GV blooms with summer building projects

Lizzy Balboa and Ryan Jarvi

As the summer season kicks off again, Grand Valley State University construction projects won’t be taking a break.

Jim Bachmeier, vice president of Finance and Administration at GVSU, said the university usually spends about $5 million each year on small projects—$3.5 million on general “upkeep,” such as resurfacing parking lots, and $1.5 million in the student housing buildings.

In addition to the smaller projects GVSU will have six major construction plans that are scheduled to take place over the summer. These projects include:
• The new L. William Seidman Center scheduled to open for classes this May;
• The Mary Idema Pew Library Learning and Information Commons open for students June 24;
• The Allendale Science Laboratory Building expected to be completed August 2015 and already in the utility stage of construction;
• The Allendale Market Place Building scheduled to begin this summer and expected to be finished August 2015;
• Renovations to Zumberge Hall set to be completed summer of 2014;
• And renovations and an addition to Au Sable Hall scheduled to begin in June and completed summer 2014.

James Moyer, associate vice president for Facilities Planning, said all of the new projects will be constructed for LEED (Leadership in Energy and Environmental Design) certification, and with the exception of the old library, no building under renovation will be closed for summer classes.

“GVSU has a significant shortage of space for classrooms, offices and student support spaces,” Moyer said. “These projects will help alleviate a portion of that shortage.”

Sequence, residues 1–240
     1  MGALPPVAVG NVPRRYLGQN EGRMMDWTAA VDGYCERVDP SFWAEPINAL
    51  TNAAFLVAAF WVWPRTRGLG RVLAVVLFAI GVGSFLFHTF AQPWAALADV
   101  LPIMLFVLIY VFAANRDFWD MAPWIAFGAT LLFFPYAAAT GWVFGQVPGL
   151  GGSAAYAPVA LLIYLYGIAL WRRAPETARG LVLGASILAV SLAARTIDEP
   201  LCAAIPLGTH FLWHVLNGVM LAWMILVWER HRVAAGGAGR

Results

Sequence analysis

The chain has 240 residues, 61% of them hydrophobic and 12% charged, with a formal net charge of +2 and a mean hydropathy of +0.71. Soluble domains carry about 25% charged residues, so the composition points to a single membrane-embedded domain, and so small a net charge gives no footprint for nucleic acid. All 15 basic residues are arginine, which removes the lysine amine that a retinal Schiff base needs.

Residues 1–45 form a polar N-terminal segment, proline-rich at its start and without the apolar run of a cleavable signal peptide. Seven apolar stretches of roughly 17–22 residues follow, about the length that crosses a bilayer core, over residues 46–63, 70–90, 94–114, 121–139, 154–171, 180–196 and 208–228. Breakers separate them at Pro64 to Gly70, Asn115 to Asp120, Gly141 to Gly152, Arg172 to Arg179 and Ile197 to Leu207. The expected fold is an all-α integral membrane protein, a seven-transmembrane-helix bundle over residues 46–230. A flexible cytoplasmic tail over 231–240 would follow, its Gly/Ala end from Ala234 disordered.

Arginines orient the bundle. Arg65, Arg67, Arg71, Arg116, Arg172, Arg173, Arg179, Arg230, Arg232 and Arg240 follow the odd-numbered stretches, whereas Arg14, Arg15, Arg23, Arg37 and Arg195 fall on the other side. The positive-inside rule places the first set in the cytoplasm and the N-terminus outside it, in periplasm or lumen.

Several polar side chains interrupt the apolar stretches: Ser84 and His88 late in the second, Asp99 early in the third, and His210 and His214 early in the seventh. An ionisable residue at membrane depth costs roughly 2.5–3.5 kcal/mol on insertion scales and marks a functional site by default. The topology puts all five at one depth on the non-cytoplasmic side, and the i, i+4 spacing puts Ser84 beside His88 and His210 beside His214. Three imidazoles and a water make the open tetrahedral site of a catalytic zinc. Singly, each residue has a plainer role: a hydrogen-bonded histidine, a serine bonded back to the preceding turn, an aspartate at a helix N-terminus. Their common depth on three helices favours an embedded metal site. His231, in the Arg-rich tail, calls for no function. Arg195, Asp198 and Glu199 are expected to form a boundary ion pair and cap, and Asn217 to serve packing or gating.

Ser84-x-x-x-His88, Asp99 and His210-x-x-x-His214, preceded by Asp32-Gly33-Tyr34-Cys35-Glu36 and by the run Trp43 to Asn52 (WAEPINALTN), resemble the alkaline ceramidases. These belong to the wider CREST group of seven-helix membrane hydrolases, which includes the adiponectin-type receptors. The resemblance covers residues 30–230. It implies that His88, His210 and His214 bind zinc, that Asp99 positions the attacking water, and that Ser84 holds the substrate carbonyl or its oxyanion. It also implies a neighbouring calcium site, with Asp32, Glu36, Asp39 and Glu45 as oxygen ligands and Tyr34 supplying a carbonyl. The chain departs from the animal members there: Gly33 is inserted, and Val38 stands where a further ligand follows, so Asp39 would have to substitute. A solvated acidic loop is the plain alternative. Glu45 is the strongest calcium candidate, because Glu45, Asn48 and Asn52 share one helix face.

As GVSU continues to expand its campus with new construction, its enrollment numbers are growing at a slower rate. Over the past 12 years, its student population has gone up 32.7 percent, but in the last three years it has changed by only about 1 percent.

“What we’re actually doing is building to meet the enrollment that was added in the last decade, for which we did not build much,” said Matt McLogan, vice president of University Relations. “So in some respects it’s catching up.”

The university is also doing smaller construction projects throughout the summer, including expansion of sidewalks.

“A lot of that work is to support the truck traffic and delivery of products,” Bachmeier said, adding that it also provides an opportunity to do work on below ground infrastructure such as the water system.

One of the underground projects is to extend the central heating and cooling system to the east side of Campus Drive.

“Most of the buildings east of Campus Drive are on a central heating and cooling system,” he said. “The heating and cooling system doesn’t cross the road, so were going to put the new building on the new heating and cooling system (by expanding it).”

The field adjacent to the Performing Arts Center will also undergo construction to include materials that will allow the band to practice outside without trudging through mud and undesirable conditions. Bachmeier said new dirt and grass seed will be brought in, and while the torn up field might appear to be a large project, it still falls under the cost of the smaller, routine summer maintenance.

McLogan said the amount of projects, large and small, may be a little unusual but isn’t unprecedented.

GVSU most recently underwent this level of construction when it was developing the Niemeyer Learning and Living Center, the Kelly Family Sports Center, an addition to the Kirkhof Center and the construction of the Connection, Moyer said.

This summer’s load is partially finished, though. Some of the projects will clear up soon, including the construction around the Pew Library, McLogan said. The Seidman Center is also nearing completion, as the faculty began moving in the last week of April.

But as these tasks come to a finish, others will just begin.

“In about six weeks, we should be shifting rather quickly across the street to the science building, then Au Sable and Zumberge,” McLogan said. “You’re going to see some changes in the ways the fences are laid out, (and) it will be a little easier to navigate around the construction sites in the fall than it is right now.”

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